A Scottish anesthesiologist, Les Milne, who worked long hours, began emitting a subtle musky 1) ___. His wife with a keen sense of smell, Joy Milne, assumed the smell was just sweat. But with the change in scent came a growing tiredness that was explained by a devastating diagnosis six years later, of Parkinson’s disease. When Joy Milne attended a meeting for the charity, Parkinson’s UK, attended by doctors and Parkinson’s patients, she noticed that the patients in the audience, shared her husband’s musky scent, and realized that the odor might be tied to the 2) ___. She mentioned this observation to a few scientists and they decided to investigate, on new skin odor tests to detect Parkinson’s disease (PD). As a result, Parkinson’s UK and the Manchester Institute of Biotechnology are investigating new 3) ___ odor tests to diagnose Parkinson’s disease earlier.
Researchers at the University of Edinburgh gave T-shirts to six people with Parkinson’s and six people without the disease. After the subjects wore the shirts, they were passed on to Joy Milne, who then had to determine by 4) ___ whether each wearer had Parkinson’s. Her diagnoses were eerily accurate – and have potentially groundbreaking implications for people living with 5) ___ disease (PD). Milne made correct assessments for 11 out of the 12 cases. In the one case she got wrong, she insisted that a T-shirt worn by a member of the control group had the warning scent. Eight months after the study was conducted, she was proven right, bringing her accuracy rate up to one hundred. The supposedly healthy individual contacted one of the doctors and informed him that he had, in fact, just been diagnosed with Parkinson’s.
That really impressed us, said, Edinburgh University scientist Tilo Kunath, We had to dig further into this phenomenon. Intrigued by Joy Milne’s abilities as a super-smeller, scientists at the universities of Manchester, Edinburgh and London are undertaking a project to identify differences in the skin 6) ___ of people with Parkinson’s, study sponsor Parkinson’s UK announced this week. Scientists believe that people with early Parkinson’s, experience skin changes that produce a particular odor. If they find the molecular signature responsible for the smell, it may be possible to develop a diagnostic test for Parkinson’s as simple as swabbing a person’s forehead. As our understanding of it stands now, the disease is incredibly difficult to diagnose. Doctors still rely on an observational technique developed in the early 1800s. There is currently no cure for Parkinson’s, a degenerative disorder of the central 7) ___ system which causes shaking, slowness of movement and difficult walking as well as behavioral problems like dementia and depression.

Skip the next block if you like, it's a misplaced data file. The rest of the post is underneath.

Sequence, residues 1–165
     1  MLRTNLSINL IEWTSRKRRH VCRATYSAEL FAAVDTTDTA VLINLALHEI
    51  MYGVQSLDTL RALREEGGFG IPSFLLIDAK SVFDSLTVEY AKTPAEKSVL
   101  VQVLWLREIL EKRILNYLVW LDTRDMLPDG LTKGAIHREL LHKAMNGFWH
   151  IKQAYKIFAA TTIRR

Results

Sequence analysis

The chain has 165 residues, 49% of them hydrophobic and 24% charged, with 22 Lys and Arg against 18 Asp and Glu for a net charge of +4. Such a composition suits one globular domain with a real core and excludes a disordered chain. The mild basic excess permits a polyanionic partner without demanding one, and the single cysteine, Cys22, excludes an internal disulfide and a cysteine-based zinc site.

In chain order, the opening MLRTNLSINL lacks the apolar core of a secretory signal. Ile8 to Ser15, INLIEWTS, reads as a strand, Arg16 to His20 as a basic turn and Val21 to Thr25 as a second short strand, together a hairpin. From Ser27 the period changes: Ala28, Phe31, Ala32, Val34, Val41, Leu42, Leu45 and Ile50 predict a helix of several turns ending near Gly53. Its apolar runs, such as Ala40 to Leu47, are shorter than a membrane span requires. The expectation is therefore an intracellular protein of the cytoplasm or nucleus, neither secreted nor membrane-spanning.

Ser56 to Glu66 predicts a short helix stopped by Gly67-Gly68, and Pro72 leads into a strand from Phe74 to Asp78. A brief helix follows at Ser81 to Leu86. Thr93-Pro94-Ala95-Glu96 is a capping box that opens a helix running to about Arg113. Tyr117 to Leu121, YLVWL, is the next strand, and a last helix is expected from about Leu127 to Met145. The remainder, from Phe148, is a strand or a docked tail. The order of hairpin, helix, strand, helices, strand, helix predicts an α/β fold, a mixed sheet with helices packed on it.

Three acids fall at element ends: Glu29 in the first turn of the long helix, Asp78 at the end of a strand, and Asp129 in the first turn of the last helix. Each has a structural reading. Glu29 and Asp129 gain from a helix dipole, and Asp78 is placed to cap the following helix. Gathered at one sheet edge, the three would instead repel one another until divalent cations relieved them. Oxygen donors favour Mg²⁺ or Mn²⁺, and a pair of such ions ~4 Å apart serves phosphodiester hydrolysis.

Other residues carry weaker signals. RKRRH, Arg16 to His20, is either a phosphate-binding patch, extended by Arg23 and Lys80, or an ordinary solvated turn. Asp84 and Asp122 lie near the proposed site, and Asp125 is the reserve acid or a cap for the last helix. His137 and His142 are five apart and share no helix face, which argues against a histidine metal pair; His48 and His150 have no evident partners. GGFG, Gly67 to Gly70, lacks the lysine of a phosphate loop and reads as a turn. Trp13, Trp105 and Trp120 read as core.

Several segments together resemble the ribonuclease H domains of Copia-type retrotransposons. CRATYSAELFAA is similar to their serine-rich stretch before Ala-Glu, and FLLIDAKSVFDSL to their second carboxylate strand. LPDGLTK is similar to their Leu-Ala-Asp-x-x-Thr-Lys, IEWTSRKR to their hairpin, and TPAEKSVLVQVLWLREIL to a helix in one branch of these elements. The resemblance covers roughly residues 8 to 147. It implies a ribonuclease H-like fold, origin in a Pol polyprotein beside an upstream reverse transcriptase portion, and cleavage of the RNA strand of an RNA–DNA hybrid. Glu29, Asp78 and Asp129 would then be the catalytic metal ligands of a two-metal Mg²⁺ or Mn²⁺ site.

Arthur Roach, the director of research at Parkinson’s UK, said in a BBC announcement this week, that in addition to having a huge impact on diagnostic procedures, The research would also make it a lot easier to identify people with the disease and to test drugs that may have the potential to slow, or even stop Parkinson’s, something no current 8) ___ can achieve. Source: The Washington Post, October 2015, by Yanan Wang
ANSWERS: 1) odor; 2) disease; 3) skin; 4) smell; 5) Parkinson’s; 6) chemicals; 7) nervous; 8) drug
James Parkinson MD (1755-1824)
Illustration of Parkinson’s disease by William Richard Gowers, which was first published in A Manual of Diseases of the Nervous System (1886)
Several early sources, including an Egyptian papyrus, an Ayurvedic medical treatise, the Bible, and Galen’s writings, describe symptoms resembling those of Parkinson’s disease (PD). After Galen there are no references unambiguously related to PD until the 17th century. In the 17th and 18th centuries, several authors wrote about elements of the disease, including Sylvius, Gaubius, Hunter and Chomel.